Friday, September 20, 2013
Antitrust And Little Trust For Patents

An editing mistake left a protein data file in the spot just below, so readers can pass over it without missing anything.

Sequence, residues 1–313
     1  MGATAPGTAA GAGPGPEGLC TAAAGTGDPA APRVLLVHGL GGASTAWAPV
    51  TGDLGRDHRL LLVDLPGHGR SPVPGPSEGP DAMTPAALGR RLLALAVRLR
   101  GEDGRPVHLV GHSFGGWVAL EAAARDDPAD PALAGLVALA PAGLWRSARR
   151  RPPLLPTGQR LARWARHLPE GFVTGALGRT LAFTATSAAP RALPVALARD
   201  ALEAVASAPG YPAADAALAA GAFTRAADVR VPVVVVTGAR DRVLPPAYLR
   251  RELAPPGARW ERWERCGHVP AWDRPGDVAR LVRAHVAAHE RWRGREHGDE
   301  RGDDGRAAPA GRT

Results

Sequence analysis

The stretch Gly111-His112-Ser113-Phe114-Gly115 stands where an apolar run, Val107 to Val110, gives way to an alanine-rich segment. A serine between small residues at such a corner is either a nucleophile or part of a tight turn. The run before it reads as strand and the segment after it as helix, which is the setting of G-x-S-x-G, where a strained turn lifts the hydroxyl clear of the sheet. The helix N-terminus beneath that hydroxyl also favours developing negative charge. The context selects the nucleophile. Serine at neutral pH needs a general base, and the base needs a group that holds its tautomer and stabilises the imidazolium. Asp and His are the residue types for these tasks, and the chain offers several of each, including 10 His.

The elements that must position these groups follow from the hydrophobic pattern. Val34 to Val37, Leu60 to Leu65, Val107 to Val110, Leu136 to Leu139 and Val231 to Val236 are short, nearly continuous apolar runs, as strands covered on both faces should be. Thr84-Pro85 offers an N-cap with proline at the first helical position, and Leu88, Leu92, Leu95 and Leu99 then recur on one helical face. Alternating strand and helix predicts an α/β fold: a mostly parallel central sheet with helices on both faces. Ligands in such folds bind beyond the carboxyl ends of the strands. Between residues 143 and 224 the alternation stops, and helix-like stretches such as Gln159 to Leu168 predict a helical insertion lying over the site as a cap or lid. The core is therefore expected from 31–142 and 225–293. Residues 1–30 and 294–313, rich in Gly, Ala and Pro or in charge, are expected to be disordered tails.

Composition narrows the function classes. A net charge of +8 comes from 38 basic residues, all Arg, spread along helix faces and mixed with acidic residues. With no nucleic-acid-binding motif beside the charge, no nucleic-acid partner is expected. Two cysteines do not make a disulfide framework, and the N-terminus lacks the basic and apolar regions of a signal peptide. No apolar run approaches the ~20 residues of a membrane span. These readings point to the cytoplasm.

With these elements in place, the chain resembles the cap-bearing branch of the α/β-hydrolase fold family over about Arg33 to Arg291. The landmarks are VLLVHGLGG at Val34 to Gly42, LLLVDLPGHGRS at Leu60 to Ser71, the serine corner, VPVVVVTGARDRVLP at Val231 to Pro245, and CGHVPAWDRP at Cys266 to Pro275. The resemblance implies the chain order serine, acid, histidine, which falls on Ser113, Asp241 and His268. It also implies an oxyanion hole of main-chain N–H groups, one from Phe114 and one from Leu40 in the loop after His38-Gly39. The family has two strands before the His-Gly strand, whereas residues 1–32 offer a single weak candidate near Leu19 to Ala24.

The Searle Center on Law, Regulation, and Economic Growth, at Northwestern Law, held the Sixth Annual Conference on Antitrust Economics and Competition Policy on September 20, 2013. Given exploding interest in patent trolls outside academia, it is perhaps unsurprising that some of the livelier presentations analyzed the implications of "patent assertion entities" ("PAE") for antitrust and competition law and policy. Aviv Nevo, DAAG at the United States Department of Justice, gave the lunchtime keynote address on "Antitrust and IP," Carl Shapiro and Fiona Scott Morton, economics professors at the University of California, Berkeley, and Yale University School of Management, respectively, presented a study entitled "Strategic Patent Acquisitions," and William P. Rogerson, professor of economics at Northwestern University, moderated a panel on "Competition Policy and Intellectual Property." Kind words about patent trolls were rare. One of the wittiest remarks at the conference was made by Richard J. Gilbert, professor of economics at the University of California, Berkeley, who, in analogizing real and intellectual property, and contrasting the uncertainty of patent rights, said, "A tenant usually knows if she lives in the landlord's building and has to pay rent." The ease with which this remark sparked enthusiastic laughter in an audience filled with the who's who of antitrust and competition economists, attorneys, and government officials might unsettle patent trolls.